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Reusing Glass Containers

Glass is a substance that does not break down. Reports state that it takes at least 1 million years for it to begin to decompose, while others say it is closer to an undetermined number.

Most glass is 100% recyclable, and recycling companies will usually accept different colors of glasses. What cannot be turned into new glass products can be often be repurposed into other functional materials. Also, the amount of energy that is spared from recycling only one glass bottle could run a computer for around 30 minutes (Earth911).

With pre-packaging all around, we may forget that we can repurpose everyday items like glass containers, into other uses in order to save the energy and environmental costs associated wtih producing new glass. Glass making in itself is an art form, and often even empty jars can look interesting. Don’t throw out or necessarily recycle all glass, but keep some for holding materials around the house.

Use food safe glass in the kitchen to store pantry items and snacks. You can stuff them with leftovers or transport hotter things like soups, in heatproof glass. Compatible holders can be used for drinking glasses instead of purchasing store bought ones to stock cabinets.

Outside of the kitchen you can also find numerous uses for glass containers. Fill them with coins, home repair, office or school supplies. If you want to give a gift that has a presentation with a nicer touch than a gift bag, save any appealing glass jars that have been emptied. Simply remove the packaging, clean and fill with a recipient’s favorites like mints, candies or homemade fares. Top with ribbon, decoupage it or make a label to place on the outside.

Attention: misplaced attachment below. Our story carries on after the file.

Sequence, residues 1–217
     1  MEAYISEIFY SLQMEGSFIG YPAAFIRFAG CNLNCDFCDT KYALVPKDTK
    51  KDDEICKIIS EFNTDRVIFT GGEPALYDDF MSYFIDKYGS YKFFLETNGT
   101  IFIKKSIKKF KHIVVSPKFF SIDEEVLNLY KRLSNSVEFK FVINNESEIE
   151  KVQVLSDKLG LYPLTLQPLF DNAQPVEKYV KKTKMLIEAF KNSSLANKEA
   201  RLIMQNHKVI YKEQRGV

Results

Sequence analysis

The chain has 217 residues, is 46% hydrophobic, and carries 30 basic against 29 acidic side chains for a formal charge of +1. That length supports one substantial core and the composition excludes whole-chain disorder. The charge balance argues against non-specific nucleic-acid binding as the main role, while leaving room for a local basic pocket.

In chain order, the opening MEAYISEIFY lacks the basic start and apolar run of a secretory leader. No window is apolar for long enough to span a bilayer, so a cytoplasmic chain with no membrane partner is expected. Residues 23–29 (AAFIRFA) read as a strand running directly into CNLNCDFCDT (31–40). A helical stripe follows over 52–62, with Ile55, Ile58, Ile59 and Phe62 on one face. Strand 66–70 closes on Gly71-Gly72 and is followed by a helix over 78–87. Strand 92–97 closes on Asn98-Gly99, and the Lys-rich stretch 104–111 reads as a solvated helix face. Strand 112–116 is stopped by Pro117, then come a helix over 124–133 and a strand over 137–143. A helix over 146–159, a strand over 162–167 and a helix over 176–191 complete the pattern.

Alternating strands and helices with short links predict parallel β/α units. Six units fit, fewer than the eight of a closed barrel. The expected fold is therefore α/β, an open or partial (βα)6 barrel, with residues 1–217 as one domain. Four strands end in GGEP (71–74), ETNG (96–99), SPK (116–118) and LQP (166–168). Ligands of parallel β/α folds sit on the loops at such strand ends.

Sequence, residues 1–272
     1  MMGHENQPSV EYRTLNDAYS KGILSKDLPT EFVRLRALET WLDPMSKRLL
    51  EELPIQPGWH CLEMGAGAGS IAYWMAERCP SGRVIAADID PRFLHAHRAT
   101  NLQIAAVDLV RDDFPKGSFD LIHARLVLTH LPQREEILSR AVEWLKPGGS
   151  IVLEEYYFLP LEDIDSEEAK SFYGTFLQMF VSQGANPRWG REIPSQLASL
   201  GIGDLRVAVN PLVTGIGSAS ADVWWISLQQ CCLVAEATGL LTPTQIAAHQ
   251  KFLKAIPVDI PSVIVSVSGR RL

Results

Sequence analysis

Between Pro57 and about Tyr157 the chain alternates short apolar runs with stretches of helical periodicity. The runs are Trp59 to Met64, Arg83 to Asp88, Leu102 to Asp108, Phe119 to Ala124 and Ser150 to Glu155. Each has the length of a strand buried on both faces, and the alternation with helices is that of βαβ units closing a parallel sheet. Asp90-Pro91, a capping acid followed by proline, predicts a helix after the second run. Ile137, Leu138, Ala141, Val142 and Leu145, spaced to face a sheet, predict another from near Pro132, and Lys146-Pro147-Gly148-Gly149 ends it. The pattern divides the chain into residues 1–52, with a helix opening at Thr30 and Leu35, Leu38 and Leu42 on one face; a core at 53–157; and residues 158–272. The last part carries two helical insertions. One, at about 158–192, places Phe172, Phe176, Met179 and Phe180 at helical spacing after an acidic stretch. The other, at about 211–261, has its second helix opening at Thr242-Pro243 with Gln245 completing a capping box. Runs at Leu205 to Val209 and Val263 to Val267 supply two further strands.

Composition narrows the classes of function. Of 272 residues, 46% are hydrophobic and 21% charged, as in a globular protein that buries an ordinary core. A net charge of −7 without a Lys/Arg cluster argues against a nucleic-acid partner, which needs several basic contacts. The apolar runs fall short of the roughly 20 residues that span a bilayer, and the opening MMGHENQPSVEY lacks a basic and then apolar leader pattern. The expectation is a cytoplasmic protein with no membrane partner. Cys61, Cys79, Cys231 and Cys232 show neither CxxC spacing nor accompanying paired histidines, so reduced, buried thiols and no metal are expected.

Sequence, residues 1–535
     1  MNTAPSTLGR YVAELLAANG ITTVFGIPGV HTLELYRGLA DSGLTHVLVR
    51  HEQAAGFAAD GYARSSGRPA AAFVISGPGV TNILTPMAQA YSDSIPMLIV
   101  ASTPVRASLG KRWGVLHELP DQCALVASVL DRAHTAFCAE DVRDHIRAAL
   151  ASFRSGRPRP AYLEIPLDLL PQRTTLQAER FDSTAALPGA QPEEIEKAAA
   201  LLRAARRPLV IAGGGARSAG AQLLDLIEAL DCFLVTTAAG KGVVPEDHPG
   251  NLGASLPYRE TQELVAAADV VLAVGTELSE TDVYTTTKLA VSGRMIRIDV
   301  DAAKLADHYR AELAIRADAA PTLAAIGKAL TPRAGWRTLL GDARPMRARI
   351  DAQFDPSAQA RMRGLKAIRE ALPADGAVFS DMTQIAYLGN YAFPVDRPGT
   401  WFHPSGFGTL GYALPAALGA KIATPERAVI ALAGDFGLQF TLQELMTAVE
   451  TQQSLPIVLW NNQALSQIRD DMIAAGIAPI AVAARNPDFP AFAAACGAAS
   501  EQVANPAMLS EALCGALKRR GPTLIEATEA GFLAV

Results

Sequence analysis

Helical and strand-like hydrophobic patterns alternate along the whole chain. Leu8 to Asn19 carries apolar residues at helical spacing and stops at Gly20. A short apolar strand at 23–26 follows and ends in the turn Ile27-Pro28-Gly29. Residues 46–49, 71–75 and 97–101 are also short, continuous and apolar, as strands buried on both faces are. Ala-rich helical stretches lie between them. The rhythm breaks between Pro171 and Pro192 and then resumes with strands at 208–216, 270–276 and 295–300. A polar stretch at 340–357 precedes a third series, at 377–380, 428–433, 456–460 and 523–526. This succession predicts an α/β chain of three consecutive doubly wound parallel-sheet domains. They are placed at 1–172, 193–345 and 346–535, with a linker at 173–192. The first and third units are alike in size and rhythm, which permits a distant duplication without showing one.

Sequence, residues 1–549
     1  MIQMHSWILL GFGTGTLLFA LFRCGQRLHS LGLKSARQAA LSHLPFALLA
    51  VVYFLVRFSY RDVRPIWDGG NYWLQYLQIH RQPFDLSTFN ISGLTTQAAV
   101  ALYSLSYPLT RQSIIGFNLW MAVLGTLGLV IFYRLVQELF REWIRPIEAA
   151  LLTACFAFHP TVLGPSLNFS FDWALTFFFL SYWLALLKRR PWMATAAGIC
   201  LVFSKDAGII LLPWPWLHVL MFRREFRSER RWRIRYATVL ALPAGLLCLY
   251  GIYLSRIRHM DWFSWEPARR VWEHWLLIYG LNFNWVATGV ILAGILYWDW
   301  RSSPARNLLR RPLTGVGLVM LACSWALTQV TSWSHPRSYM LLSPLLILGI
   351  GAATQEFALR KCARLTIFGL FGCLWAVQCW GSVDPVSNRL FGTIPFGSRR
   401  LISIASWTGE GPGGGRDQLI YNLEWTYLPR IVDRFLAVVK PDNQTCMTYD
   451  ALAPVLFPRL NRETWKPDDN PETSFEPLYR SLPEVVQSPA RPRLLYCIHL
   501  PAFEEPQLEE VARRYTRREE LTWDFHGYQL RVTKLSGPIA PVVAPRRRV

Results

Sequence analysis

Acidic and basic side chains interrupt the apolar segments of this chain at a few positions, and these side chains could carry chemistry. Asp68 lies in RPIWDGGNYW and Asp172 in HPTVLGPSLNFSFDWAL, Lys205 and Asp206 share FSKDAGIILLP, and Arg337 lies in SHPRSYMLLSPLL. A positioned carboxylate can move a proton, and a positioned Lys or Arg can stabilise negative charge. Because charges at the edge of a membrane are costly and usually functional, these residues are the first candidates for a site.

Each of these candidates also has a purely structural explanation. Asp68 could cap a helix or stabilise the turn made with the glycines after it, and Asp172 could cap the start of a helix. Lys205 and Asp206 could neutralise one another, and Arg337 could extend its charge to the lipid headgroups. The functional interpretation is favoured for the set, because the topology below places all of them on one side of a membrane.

Also look for different sized pumps that fit on glass containers, which can usually be found at home organization or hobby stores. These can be placed on top of a variety of glassware and are ideal for pumping items bought in bulk like condiments and beauty supplies. They can even be put on large glass jars for dispensing beverages, like sun tea, which should only be made in a glass receptacle.

Also, if you have ever broken a glass family heirloom or favorite piece, don’t throw it away. Consider turning it into art. Create your own glass mosaic or jewelry fairly easily. With a bit of do it yourself know-how, you can transform broken glass into another keepsake. For a few glass project ideas, ask hobby or craft stores if they ever offer any free or minimal fee classes if you want to learn how to upscale a glass piece, or check out resources like Online Mosaic Instructions Guide and  Specialty Art Glass: Learn How to Make a Mosaic for more design concepts.

Additionally, some stores offer a small cash incentive for returned glass bottles, so check to see if yours might. Another neat way to know your discards will be put to good use is to support local artisans by donating your unwanted glass to them if they can use it for materials.

Glass containers can resourcefully be reused, with virtually endless possibilities.


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